Those arrived this week and I’m very much looking forward to them. Mr. Benson says there are going to be five in all. I’m flabbergasted that I didn’t hear about these sooner– between my interest in James Bond, pulp fiction, and superhero stories, you’d think I’d have run across them before now– but I’m delighted to be able to catch up, and for not a whole lot of money, either. Everyone grouching about how there aren’t any good female adventure heroes, well, these are for you. (Kelly Thompson, especially… you should be ALL OVER these.)

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So that was the haul from St. Vincent’s, and quite a haul it was, too.

We hit the road again and found a couple of nice places in Auburn we’d never seen before. A promising thrift shop, and also Comstock Books, an actual rare-book house that also does bookbinding and repair.

Comstock Books, especially, looked to be completely our kind of place. Unfortunately, the downside of it being Sunday afternoon is that by the time we got down there, everything was closed. But it certainly seemed like a place worth visiting, and we’ll be back.

And that was pretty much it for the bookscouting. Our diner in Orting, the Around The Corner Cafe, was exactly where we’d left it, and still doing the best milkshake in western Washington.

Probably that’s going to be it for the trips, too, at least until Julie puts in enough time at the new gig to be able to transfer to a more normal shift. Although we are hoping to sneak down to Portland for a couple of days in August to see Trek in the Park, and maybe we’ll get over to Cameron’s or Powell’s for an hour or so before hitting the road for home.

But a Sunday afternoon drive is better than nothing. Clearly, though, we just have to get an earlier start.

See you next week.


My wife and I are currently doing the day/night work thing and it’s a serious drag. I feel you on that one. Hopefully you work things out!

That is a nice haul for such a short trip. And thanks for the tip on Beach Red especially. I have to say – and this is unusual for me – I’m actually more interested in the movie now than the book.
Otherwise, that Chaykin-illustrated version of Bester’s Stars has kind of been my holy grail for years now. It’s virtually impossible to find a reasonably priced copy of that complete edition.
Like P. Boz, I’m hoping you and Julie are able to work out your schedules as well – I just love your book scouting posts!

That Black Stlleto book looked interesting so I’ve just downloaded it to me Kindle – thanks for the recommendation.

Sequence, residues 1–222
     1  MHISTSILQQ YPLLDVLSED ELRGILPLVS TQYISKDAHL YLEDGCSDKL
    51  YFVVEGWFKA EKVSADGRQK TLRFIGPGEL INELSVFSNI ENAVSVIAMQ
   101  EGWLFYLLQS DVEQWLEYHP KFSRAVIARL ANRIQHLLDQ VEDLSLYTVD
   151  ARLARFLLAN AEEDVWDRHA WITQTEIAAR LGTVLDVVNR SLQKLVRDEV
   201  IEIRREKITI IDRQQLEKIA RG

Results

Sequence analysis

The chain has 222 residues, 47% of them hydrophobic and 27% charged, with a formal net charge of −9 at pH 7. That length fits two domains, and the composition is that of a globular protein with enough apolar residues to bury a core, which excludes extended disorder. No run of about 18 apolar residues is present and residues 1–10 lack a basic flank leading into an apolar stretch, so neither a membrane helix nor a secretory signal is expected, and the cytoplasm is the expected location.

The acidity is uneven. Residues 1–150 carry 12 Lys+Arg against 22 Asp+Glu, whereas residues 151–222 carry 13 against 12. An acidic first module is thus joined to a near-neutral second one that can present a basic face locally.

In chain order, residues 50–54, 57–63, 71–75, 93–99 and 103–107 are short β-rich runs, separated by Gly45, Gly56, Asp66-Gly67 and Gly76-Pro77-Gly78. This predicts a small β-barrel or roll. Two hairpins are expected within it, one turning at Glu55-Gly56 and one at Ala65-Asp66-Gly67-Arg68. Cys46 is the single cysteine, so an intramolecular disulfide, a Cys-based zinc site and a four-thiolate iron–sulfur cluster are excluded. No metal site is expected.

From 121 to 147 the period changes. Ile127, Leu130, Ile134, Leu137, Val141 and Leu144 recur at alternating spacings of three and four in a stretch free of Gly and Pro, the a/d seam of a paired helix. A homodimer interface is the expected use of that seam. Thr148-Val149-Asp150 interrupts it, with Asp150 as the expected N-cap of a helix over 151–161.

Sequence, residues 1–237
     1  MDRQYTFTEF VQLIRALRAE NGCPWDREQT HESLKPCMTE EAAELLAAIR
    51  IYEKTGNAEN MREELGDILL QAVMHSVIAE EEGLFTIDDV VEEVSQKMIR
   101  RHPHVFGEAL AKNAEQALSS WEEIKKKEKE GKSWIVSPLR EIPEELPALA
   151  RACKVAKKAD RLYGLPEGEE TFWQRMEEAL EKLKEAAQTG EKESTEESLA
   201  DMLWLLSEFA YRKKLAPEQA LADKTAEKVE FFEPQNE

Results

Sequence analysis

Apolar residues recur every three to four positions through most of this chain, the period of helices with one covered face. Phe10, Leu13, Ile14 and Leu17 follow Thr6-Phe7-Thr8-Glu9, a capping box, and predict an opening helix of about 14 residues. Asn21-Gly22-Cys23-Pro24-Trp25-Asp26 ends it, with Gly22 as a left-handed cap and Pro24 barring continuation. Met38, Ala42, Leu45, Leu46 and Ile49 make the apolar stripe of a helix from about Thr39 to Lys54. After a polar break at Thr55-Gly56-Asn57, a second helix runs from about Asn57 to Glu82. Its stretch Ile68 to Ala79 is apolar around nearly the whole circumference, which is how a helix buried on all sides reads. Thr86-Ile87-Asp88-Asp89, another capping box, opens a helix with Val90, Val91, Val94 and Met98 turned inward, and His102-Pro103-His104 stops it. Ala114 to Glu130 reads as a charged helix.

Andrew Kolvek

July 14, 2013 at 6:31 am

After years of keeping my eye out for a copy of the Bester-Chaykin Complete edition, I found one a couple of years ago. Near perfect shape and very cheap. I had only seen parts of it in some Heavy Metal magazines nearly 30 years, but that had prompted me to get the novel and read it. I haven’t had a chance to read the Chaykin book yet, but plan on it soon.

The Stars My Destination just might be my favorite S-F novel ever (if there is a more perfectly realized protagonist in S-F than Gulliver Foyle, I’ve yet to encounter it). The graphic novel is one of the best adaptations from another media that comics has produced – Chaykin really knocked it out of the park with this one.

Ha! I saw the first summer of Trek in the Park. Campy, somewhat humorous but somehow I was expecting more. Maybe it’s improved over the years.

And thanks for the tip on Beach Red especially. I have to say – and this is unusual for me – I’m actually more interested in the movie now than the book.

The whole movie is on YouTube here, if you have a good connection and ninety minutes or so to spare.

Thanks, Greg – good to know that’s there just in case.

The Ultimate Spider-Man was released simultaneously with The Venom Factor, so its success didn’t really allow for the launch of the Marvel novels line so much as complement it.

going to have to now hunt for those black stilletto books for now intriqued to learn if the old hitman hopefuly failed trying to kill the black stilleto. plus also may go to you tube and see beach red.

Love these book scouting posts, even if just a day trip like this one! Black stilletto sounds great thanks!!

That St. Vincent’s in Kent is nice. I stop by there when I’m at the courthouse in Kent, and it always brightens my day with their selection … before I head to Half-Price Books in Tukwilla.